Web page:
Of course, Americans will still "feel" superior.

 
At Wednesday, April 06, 2005, Anonymous Anonymous said...

It has been said that no true democracy will last much more than 200 years, because it has within it the seeds of its own destruction...We have a "feel good" society that wants to be consoled by the fact that we are declaring all unequals equal. The conflict is that the pie is only so large, yet we want to make sure that we get ours!

 
At Wednesday, April 06, 2005, Blogger Indiana Public School Superintendent said...

Old Retired Business Man

Maybe Americans will still be superior whether or not they have the world's dominant economy.

Depends on what superior really means I guess.

Darwin wasn't right in my book anyway.

 
At Thursday, April 07, 2005, Anonymous Old retired businessman said...

I was traveling in France in early 2004, and I had a long elegant dinner with several highly educated Frenchmen who had been out of work for over a year (unemployment runs about 12%). They felt morally, culturally and intellectually superior to the crass, militaristic, financially superior (employed) Americans.

And who knows, maybe the Frenchmen have it right. They certainly seemed very relaxed and happy. And they could sleep late the next day while I had to go to a business meeting (someone had to pay for dinner).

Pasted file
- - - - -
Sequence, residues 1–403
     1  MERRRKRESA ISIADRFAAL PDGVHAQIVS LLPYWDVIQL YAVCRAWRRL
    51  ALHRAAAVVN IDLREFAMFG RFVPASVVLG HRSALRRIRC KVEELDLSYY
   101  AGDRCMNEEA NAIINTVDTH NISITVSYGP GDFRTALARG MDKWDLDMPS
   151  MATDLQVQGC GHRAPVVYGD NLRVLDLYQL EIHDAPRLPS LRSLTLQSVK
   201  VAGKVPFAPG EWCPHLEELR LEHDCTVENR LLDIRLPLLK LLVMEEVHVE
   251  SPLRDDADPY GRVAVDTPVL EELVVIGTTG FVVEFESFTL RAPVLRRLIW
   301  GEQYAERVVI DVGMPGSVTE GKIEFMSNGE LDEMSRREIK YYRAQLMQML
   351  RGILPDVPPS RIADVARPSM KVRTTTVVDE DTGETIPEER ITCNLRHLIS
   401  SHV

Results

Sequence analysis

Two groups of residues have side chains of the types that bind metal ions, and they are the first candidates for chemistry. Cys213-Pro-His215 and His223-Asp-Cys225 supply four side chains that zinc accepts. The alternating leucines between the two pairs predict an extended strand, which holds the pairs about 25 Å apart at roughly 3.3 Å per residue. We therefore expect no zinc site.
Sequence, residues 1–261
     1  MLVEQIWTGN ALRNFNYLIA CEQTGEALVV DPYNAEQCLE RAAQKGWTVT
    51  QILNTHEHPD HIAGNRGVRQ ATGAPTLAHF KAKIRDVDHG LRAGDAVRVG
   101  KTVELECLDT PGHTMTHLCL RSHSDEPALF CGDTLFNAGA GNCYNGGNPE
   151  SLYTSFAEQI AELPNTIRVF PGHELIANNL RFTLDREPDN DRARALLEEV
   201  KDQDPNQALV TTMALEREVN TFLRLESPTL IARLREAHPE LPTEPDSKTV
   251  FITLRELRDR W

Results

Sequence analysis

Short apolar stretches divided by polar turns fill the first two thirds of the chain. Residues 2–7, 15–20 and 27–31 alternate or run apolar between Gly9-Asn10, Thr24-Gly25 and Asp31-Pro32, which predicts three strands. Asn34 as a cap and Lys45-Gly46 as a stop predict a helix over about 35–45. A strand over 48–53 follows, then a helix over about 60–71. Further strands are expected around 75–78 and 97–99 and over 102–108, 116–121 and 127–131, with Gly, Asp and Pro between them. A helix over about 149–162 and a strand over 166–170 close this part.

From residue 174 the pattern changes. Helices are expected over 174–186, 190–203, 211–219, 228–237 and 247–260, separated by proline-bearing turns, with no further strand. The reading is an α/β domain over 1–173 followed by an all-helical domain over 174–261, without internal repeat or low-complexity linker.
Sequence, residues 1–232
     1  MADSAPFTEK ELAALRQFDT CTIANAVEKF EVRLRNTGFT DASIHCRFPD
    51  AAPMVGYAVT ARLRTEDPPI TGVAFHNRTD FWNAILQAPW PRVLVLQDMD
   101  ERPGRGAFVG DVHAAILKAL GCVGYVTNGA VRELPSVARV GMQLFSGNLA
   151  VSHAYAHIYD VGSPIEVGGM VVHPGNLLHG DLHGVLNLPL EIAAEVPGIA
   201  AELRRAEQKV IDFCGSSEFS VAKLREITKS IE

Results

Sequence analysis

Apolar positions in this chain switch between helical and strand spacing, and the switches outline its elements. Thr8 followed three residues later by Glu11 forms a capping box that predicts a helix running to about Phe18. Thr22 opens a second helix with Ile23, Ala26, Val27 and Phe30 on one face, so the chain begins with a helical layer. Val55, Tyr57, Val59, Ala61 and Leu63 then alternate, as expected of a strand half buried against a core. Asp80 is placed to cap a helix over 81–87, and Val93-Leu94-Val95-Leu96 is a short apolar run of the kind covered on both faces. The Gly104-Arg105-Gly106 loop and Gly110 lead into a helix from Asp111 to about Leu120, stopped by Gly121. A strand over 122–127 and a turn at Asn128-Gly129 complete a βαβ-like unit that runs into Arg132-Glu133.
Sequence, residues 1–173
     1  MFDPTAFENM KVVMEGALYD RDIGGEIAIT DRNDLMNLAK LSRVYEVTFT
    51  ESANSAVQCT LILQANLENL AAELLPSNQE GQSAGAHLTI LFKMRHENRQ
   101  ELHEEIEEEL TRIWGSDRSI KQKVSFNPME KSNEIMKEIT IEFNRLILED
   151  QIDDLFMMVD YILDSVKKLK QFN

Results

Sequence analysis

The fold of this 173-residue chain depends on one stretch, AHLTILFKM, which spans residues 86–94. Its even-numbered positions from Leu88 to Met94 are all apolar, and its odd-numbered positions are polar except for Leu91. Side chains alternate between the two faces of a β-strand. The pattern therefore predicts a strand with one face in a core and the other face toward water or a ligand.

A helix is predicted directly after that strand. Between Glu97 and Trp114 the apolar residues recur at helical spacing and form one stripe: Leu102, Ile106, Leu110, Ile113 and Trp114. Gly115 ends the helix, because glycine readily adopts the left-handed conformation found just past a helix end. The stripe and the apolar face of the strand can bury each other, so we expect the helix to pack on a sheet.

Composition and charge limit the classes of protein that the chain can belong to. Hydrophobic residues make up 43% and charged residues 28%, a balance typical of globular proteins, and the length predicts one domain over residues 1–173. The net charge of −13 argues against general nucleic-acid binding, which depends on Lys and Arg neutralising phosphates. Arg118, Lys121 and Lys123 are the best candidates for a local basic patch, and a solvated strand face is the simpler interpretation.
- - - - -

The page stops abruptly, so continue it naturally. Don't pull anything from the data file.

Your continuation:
In 25 years, maybe Americans will be more French-like in their attitudes.

Meanwhile, I'm investing in Emerging Market Index funds, just in case India and China are successful.

 
At Saturday, April 09, 2005, Blogger Indiana Public School Superintendent said...

Old Retired Business Man:

You may have it right, only time will tell.

I was in Japan in 1990-1991 when Japan was buying up businesses, properties and golf courses all over America. The talk all over our country was that maybe Japan won the war after all. Their economy was soaring and the yen to dollar was so strong that Japanese tourists were everywhere.

But then their markets hit rough spots like all markets do and brought them back to reality.

Now we don't hear much as much about Japan as we used to. Now it's India and China as the up-and-comers.

I will agree with you though. Our continued economic dominance is no longer a sure thing.

However, I don't believe our education system is the primary reason. (I don't think you have ever claimed on this board that it was though.) But it seems like people always gravitate to easy answers and easy solutions.

I still think public education is swimming against the tide of popular culture.

My prediction is that a few decades from now it will it be realized that education is way overrated when it comes to it's ability to struggle against culture, mores, and societal norms.

I find your observation about the French perspective to be interesting and probably closer to home than Americans want to admit.